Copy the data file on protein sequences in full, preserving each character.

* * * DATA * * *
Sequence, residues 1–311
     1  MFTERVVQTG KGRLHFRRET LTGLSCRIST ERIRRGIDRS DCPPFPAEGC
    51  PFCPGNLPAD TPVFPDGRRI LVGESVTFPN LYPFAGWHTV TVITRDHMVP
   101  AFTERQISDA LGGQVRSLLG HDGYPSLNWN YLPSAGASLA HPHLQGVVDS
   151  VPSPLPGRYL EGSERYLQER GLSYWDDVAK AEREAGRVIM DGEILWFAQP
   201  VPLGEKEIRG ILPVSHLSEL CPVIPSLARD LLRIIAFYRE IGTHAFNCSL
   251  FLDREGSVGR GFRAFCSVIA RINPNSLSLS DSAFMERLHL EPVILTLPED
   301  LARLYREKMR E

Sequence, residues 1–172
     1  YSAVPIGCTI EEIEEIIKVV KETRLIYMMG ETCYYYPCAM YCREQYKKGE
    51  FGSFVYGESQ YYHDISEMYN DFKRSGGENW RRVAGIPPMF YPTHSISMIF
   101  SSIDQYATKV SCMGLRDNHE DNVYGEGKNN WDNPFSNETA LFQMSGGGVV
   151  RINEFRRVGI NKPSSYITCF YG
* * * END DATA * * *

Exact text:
Sequence, residues 1–311
     1  MFTERVVQTG KGRLHFRRET LTGLSCRIST ERIRRGIDRS DCPPFPAEGC
    51  PFCPGNLPAD TPVFPDGRRI LVGESVTFPN LYPFAGWHTV TVITRDHMVP
   101  AFTERQISDA LGGQVRSLLG HDGYPSLNWN YLPSAGASLA HPHLQGVVDS
   151  VPSPLPGRYL EGSERYLQER GLSYWDDVAK AEREAGRVIM DGEILWFAQP
   201  VPLGEKEIRG ILPVSHLSEL CPVIPSLARD LLRIIAFYRE IGTHAFNCSL
   251  FLDREGSVGR GFRAFCSVIA RINPNSLSLS DSAFMERLHL EPVILTLPED
   301  LARLYREKMR E

Sequence, residues 1–172
     1  YSAVPIGCTI EEIEEIIKVV KETRLIYMMG ETCYYYPCAM YCREQYKKGE
    51  FGSFVYGESQ YYHDISEMYN DFKRSGGENW RRVAGIPPMF YPTHSISMIF
   101  SSIDQYATKV SCMGLRDNHE DNVYGEGKNN WDNPFSNETA LFQMSGGGVV
   151  RINEFRRVGI NKPSSYITCF YG